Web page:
Golf driving range gains

Zoning panel allows Westminster farmer to go ahead with plans

June 23, 1999|By Jennifer Sullivan | Jennifer Sullivan,SUN STAFF

Despite opposition from neighbors, the Carroll County Board of Zoning Appeals yesterday approved a conditional use allowing a Westminster-area farmer to move ahead with plans for a 25-acre golf driving range.

More than 50 people attended a public hearing before the board yesterday and many criticized the proposed Island Green Driving Range on South Pleasant Valley Road. They cited concerns about traffic, lighting, signs, water source and hours of operation. Many said they wanted to retain the neighborhood's rural character.

"We're going to be overlooking this thing. You start with a golf driving range -- what's next?" said Andrea Walker, a neighbor who spearheaded a campaign to address concerns about the proposal. "We feel like if we didn't stand up, we would have to live with the consequences."

A driving range is among the enterprises allowed as a conditional use in an agricultural area. Other conditional uses include beauty parlors, mausoleums, commercial swimming pools, animal hospitals and airports.

Board member Hoby Wolf said the board's decision is contingent on the developer's addressing concerns about water, traffic and lighting.

"There's got to be a golf range someplace," Wolf said to concerned neighbors. "You don't want it here, so show us where it would be better suited."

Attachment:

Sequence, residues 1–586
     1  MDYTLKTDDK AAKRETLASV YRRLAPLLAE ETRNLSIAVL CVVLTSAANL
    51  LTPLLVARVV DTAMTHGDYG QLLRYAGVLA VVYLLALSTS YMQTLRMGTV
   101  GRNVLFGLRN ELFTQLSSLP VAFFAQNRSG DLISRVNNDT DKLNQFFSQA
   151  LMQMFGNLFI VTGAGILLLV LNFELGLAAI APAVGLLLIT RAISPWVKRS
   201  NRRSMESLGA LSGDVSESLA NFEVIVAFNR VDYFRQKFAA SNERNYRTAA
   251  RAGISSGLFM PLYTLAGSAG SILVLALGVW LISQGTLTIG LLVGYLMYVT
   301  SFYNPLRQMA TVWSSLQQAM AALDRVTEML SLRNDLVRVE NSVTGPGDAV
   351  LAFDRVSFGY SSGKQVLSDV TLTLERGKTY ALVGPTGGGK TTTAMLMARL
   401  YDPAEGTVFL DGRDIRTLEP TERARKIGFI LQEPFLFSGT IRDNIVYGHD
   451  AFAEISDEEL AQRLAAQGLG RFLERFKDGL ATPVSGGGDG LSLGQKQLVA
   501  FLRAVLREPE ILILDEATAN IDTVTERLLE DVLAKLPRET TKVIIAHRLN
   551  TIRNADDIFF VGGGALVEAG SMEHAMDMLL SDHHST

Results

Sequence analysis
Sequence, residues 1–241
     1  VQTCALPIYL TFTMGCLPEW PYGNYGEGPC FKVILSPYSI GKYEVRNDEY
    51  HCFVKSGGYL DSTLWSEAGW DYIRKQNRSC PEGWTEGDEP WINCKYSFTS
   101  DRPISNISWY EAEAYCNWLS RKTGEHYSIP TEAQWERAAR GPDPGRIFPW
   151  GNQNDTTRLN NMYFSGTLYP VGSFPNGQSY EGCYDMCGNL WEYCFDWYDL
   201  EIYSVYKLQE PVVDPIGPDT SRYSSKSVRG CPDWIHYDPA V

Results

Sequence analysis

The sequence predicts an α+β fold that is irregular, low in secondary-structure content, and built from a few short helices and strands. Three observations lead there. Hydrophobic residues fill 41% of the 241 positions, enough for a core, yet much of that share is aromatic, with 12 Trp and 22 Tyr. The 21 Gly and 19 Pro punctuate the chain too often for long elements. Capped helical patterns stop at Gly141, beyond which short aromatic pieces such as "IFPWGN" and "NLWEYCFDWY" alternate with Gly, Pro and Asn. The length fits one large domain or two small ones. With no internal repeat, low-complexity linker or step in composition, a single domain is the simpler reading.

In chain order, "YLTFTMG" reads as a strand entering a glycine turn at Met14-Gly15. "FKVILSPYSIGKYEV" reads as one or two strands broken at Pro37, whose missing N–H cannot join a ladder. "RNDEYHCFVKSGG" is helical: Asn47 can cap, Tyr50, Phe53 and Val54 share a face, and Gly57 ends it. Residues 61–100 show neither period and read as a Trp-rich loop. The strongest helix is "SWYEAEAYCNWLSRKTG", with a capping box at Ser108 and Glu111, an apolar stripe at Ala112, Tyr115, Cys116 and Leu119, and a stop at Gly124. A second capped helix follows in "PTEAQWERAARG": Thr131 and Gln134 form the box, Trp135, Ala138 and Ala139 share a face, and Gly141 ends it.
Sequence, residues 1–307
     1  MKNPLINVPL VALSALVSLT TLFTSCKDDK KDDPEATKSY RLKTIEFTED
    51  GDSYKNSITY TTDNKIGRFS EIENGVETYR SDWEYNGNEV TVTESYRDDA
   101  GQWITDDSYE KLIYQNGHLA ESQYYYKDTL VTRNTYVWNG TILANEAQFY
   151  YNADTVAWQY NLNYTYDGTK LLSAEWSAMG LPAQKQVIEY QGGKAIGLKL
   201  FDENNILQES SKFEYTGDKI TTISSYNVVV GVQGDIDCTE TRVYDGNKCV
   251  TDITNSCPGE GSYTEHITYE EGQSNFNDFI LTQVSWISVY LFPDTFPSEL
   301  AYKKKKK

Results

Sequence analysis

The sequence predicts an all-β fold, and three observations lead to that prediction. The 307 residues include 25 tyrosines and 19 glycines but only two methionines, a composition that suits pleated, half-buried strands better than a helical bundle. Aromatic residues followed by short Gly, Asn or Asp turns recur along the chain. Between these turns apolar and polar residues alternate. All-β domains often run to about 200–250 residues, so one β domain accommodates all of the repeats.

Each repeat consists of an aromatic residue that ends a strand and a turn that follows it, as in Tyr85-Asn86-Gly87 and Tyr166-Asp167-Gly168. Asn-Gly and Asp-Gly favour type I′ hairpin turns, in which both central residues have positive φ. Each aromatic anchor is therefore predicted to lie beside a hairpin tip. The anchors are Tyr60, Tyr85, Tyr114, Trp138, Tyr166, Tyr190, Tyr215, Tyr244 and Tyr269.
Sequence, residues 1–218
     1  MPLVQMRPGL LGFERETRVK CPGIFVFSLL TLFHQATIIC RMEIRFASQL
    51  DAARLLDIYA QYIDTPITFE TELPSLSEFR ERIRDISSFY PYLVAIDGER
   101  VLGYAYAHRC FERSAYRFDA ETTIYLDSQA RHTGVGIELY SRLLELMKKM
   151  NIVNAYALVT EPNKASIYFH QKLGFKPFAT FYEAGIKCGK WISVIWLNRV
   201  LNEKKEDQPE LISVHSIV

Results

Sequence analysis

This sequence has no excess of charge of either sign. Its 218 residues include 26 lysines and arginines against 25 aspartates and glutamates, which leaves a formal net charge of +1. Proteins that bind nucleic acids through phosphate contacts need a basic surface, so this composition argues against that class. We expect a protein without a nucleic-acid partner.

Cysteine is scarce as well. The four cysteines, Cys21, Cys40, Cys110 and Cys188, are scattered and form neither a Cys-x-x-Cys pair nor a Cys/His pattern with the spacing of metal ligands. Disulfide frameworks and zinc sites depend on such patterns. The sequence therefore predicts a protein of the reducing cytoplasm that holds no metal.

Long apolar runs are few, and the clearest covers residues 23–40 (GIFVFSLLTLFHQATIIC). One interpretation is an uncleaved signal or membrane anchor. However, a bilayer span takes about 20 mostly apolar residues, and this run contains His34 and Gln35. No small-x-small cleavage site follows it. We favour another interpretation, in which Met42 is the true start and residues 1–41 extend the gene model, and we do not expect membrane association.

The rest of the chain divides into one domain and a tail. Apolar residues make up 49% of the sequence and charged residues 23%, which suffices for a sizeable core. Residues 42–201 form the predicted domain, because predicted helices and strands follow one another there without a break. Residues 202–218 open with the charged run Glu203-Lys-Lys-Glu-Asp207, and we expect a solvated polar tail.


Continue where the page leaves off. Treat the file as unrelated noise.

Westminster resident Michael Mand asked W. Glenn Haines to lease a section of his farm for the driving range last fall. Mand, marketing manager for Premium Finance of America Inc. in Baltimore, has never built a golf range before but has created a company, Countryside Driving Range, for the operation.

The driving range at 1335 S. Pleasant Valley Road -- just off Route 140 -- would be about six miles southeast of Taneytown and two miles from downtown Westminster. The range would accommodate 60 golfers at one time.

Yesterday Mand described the facility as "imagination golf," giving the golfer different fairways and greens to hit, as well as sand traps and water hazards to overcome. For the golfer, it will look like a fairway at a fine golf course, he said.

"Our design is unique," Mand said. "This concept is being done in other parts of the country, but not here."

The range will encompass 13 acres. He plans to build a clubhouse, which will house concessions, cashier's office and seating area. A parking area will include as many as 85 spaces.

The range will be open 10 months, closed in January and February, he said. Mand said he will need 100 customers a day to make the operation viable.

Among the other concerns raised by neighbors were: the use of chemicals for greens maintenance and ball washing; future plans; whether Mand will apply for a liquor license; grooming activities; and the use of water.

Steven V. Zeiler, who lives next to the proposed entrance, said he wants to protect his well water. He raised concerns that the driving range may diminish his water supply.

Jon Kelly, another neighbor, asked how the developer planned to fill the water hazard.

Mand plans to place tees 400 yards from neighboring homes and Route 140. He said he also plans to plant trees "to create a natural screen," close the facility by 10 p.m., hire security, and have trucks bring in water needed to tend the greens.

Mand said he also plans to give neighbors free access to the range.

"I'm sure that Mr. Mand has a lot of good intentions, but we have no way to enforce them," Walker said. "I know [Haines] is looking at this as a retirement venture, but I don't want it in my back yard."

Mand said construction could begin as early as September -- after Haines harvests his crops. Mand said he plans a May opening.

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